LRI: You have been a part of other bands since the original breakup and are currently involved in other projects now including The Bluebonnets. Do you think the process of playing and creating music without the shadow of an iconic name like The Go-Go’s is liberating, challenging or a little of both?

Kathy:  It’s definitely a little of both.  Mainly it is completely awesome because The Go-Go’s have such a unique hold on a place in history and because of the timing, our music and the way people identified with us had an impact on a lot of lives.  That is without question the best part of having been in that band; the many times I have been told by people that the songs and music helped them through difficult times.  Professionally, having been a Go-Go has opened far more doors than it has closed – although there were a handful of times in the 90’s that I was not allowed to try out for bands hiring guitarists because either I wasn’t known as a guitarist or they did not want someone “known.”  I am also very sensitive to the fact that occasionally, in some of the smaller, local bands I am in, I am the one who has a higher profile, and I try to even that out and shine a light on my talented bandmates as much as I can!
Kathy's current band, The Bluebonnets, pride of Austin, Texas

Kathy’s current band, The Bluebonnets, pride of Austin, Texas

LRI:  You’re not currently out with The Go-Go’s this summer.  Anytime one of the faces of a group isn’t involved in a band’s ‘reunion tours’ there is a bit of disappointment on the part of us fans. Do you think fans have been super supportive of you for the most part in your other projects?

Kathy:  We have always had our original line up on tours unless someone was out due to injury or pregnancy.  Until now, that is.
A small percentage of Go-Go’s fans have been supportive of my bands and solo work, but the ones who are not, it’s mainly a musical taste thing.  My other bands are more rock with lots of blues licks and roots thrown in, and we have to work to create our own fan base.  No free rides for an ex Go-Go! when I do my bands we struggle like any other baby band!

LRI:   You were a major part of the songwriting of not only smash hits like “Head Over Heels” and “Vacation” but also countless awesome album tracks. Did you always generally agree with I.R.S. records in terms of focus tracks, video choices or album sequencing or do you think a lot of material fell through the cracks over the years?

Kathy:  No I didn’t always agree.  That’s the advantage to being, say, Prince, instead of 1/5 of a band!  I wish we’d pushed ourselves, or the producer or label had pushed us to write more and create stronger records.  Green Day’s “American Idiot” is a great example – apparently an entire record was recorded and scrapped prior to Billie Joe’s writing that masterpiece!
Kathy, second from left on the cover of the Rolling Stone

Kathy, second from left on the cover of the Rolling Stone

LRI: You have traveled the world and lived all over the place. How much do you think your environment or other non-musical factors have influenced you and continue to influence you today as a writer?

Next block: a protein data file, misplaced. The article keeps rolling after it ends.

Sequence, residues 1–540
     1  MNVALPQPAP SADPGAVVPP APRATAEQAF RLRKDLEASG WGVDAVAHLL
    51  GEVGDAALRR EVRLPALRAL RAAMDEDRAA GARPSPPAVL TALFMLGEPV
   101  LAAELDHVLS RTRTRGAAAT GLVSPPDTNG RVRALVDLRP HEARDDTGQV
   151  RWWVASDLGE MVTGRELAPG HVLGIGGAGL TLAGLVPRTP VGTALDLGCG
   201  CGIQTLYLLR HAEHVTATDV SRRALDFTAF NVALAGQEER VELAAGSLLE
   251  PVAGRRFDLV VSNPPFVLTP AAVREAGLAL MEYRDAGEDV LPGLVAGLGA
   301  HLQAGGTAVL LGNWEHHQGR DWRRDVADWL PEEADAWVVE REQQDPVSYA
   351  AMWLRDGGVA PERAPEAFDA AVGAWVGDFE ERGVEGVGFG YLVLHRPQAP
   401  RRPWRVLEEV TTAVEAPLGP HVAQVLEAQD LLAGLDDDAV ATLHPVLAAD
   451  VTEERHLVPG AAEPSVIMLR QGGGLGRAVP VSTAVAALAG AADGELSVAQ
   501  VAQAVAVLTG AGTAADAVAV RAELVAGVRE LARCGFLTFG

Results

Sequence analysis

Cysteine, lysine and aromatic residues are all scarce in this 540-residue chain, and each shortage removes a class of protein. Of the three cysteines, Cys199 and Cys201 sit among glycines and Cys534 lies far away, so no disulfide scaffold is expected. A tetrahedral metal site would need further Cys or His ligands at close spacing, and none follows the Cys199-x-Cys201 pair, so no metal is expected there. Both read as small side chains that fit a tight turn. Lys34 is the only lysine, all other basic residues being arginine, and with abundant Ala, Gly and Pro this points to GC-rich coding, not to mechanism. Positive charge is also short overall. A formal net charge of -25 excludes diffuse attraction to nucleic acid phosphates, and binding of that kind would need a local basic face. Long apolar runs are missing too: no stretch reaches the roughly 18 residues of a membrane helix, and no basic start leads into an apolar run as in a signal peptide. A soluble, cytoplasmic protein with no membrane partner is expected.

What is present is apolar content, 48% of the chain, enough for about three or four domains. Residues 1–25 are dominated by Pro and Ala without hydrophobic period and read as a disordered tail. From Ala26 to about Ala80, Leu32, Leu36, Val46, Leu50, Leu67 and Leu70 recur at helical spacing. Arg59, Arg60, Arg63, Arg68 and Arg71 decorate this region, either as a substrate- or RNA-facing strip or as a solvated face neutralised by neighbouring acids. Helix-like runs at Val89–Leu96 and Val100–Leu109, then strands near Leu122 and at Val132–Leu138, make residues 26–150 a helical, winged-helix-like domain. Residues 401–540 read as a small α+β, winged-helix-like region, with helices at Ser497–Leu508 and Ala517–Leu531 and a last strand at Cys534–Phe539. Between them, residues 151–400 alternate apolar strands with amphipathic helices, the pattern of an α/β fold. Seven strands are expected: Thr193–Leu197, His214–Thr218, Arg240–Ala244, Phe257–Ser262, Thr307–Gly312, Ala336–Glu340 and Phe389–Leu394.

Kathy:  Well I’ve traveled perhaps more than some, less than others, but I’ve always pretty much lived in Austin or LA.  Stimulation and thinking keeps creativity flowing, so wherever that comes from, and it comes from a lot of places, as long as one stays in “receptive” mode.  As a writer, both for songs and my new efforts at being an author, I always have an antenna out bobbing around trying to pick up on ideas and sparks.

LRI:  Thanks again for talking with us Kathy…I look forward to seeing your band tour the Midwest and hearing some new music.  Last question…..you can sing….you obviously have experience on the bass and you are an accomplished guitarist having played on and produced your last solo album. Which musical vehicle do you most love or identify with….your voice, your guitar or the rumble of your bass??

Kathy:  Singing is least – I can carry a tune but I’m quite sure I don’t feel as good singing a song as say, Pink does, who seems to belt it out effortlessly.  My first love is guitar.  I’m not the best, certainly not the fastest or most neck-knowledgeable, but I have a good connection and feel with guitar.
Bass was really fun in the Go-Go’s because it was a main instrument in many ways – the bass lines were supplying hooks and the rhythm section was a huge strength.
I much preferred being the bassist in the Go-Go’s than to have been the guitarist, I wouldn’t have been able to play my strengths on guitar.  On bass my strengths were timing, melody, hooks, pocket.  My best asset on all my musical abilities is that I have good taste, judgement, and instincts.  Loads of people have way more talent, but I know where I’m strong and I know my limitations – crucial to success in any field doing anything.
The Bluebonnets live shows in July
Tue Jul 02 13  08:00 PM | Austin, TX US
Venue: The Continental Club Austin
Address: 1315 S Congress Ave, Austin, TX, 78704, US
Details: Weekly residency for July 2013. More details to come!Sat Jul 13 13  08:00 PM | Houston, TX US
Venue: The Continental Club
Address: 3700 Main St, Houston, TX, 77002, US
Details: Bluebonnets go on at 9:30 PM!Sat Jul 27 13  01:00 PM | Marfa, TEXAS US
Venue: Viva Big Bend Music Festival
Address: 209 West El Paso, Marfa, TEXAS, US
Details: Bluebonnets play 2 shows, SAT July 27th & SUN July 28th….venue info & set times coming soon!

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Category: Interviews